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Freud, S. (1913). Introduction to Pfister's The Psycho-Analytic Method. The Standard Edition of the Complete Psychological Works of Sigmund Freud, Volume XII (1911-1913): The Case of Schreber, Papers on Technique and Other Works, 327-332.
Freud, S. (1913). [SEL327a1]Introduction to Pfister's The Psycho-Analytic Method. The Standard Edition of the Complete Psychological Works of Sigmund Freud, Volume XII (1911-1913): The Case of Schreber, Papers on Technique and Other Works, 327-332
[SEL327a1]Introduction to Pfister's The Psycho-Analytic Method
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[SEL327a2]Introduction To Pfister's Die Psrchanalttische Methode to "Introduction to Pfister's The Psycho-Analytic Method"
[SEL327a3](a) German Editions:
[SEL327a4]1913 In O. Pfister, Die psychanalytische [sic] Methode (Vol. 1 of Pädagogium), iv-vi, Leipzig and Berlin: Klinkhardt. (1921, 2nd ed.; 1924, 3rd ed.)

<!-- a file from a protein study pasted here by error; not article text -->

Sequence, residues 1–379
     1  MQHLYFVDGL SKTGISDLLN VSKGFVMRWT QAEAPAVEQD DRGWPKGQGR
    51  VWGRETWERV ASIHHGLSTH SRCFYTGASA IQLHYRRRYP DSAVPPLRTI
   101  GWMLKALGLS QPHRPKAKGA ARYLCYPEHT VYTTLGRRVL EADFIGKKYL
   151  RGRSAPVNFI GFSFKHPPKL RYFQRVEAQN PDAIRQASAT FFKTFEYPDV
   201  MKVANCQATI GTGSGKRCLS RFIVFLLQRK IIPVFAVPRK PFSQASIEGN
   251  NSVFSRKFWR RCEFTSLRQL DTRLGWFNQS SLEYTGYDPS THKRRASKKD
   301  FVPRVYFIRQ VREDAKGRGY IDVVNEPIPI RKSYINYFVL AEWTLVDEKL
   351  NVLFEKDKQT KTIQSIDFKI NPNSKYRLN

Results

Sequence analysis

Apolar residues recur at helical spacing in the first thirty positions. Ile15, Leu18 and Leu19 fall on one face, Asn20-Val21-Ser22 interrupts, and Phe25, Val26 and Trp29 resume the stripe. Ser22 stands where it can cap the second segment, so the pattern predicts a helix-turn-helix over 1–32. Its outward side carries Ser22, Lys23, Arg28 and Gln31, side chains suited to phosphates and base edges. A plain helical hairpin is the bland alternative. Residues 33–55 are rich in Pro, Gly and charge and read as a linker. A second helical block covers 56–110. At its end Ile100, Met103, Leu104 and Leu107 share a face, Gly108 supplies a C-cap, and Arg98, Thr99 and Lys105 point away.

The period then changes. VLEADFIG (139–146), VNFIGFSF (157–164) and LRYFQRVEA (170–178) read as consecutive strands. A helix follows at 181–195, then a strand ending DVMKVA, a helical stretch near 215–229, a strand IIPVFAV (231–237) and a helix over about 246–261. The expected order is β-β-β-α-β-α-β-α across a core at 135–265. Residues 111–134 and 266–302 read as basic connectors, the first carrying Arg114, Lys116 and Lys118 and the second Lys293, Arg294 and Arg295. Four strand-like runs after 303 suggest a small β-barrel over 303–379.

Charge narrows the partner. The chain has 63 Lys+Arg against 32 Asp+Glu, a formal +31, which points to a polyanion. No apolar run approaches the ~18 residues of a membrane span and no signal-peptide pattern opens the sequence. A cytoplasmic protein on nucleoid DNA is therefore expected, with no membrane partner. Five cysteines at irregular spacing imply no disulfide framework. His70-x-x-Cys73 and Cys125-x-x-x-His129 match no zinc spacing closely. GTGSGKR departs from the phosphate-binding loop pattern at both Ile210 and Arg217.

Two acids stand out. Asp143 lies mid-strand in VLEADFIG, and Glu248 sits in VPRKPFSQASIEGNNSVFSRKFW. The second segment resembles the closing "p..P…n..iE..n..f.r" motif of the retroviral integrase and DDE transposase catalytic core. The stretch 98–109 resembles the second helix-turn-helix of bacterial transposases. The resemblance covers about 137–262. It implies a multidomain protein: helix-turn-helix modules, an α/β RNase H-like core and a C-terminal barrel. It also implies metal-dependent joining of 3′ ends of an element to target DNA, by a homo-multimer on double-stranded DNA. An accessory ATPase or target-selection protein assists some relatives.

[SEL327a5]1928 G.S., 11, 244-6.
[SEL327a6]1931 Neurosenlehre und Technik, 315-18.
[SEL327a7]1946 G.W., 10, 448-50.
[SEL327a8](b) English Translation:
[SEL327a9]Introduction to Pfister's The Psychoanalytic Method
[SEL327a10]1917 In Pfister, The Psychoanalytic Method, v-viii, New York: Moffat, Yard; London: Kegan Paul. (Tr. C. R. Payne.)
[SEL327a11]The present translation is a new one by James Strachey.
[SEL327a12]Dr. Oskar Pfister, a Zurich pastor and educationalist and the author of the work to which this is an introduction, was for thirty years a close friend of Freud's and an unswerving supporter of his views. He was one of the very first laymen to practise psycho-analysis, and the later part of Freud's introduction is perhaps his earliest published plea in favour of the recognition of non-medical psycho-analysts. He developed his argument at much greater length some twenty years later in The Question of Lay Analysis(1926e).
[SEL327a13]The date at the end of the introduction (which appears here by arrangement with Messrs Routledge and Kegan Paul) is omitted in the German reprints.
[SEL327a14]Psycho-analysis had its origin on medical soil, as a therapeutic procedure for the treatment of certain nervous illnesses which were termed ‘functional’ and which were considered with increasing certainty to be consequences of disturbances in emotional life.
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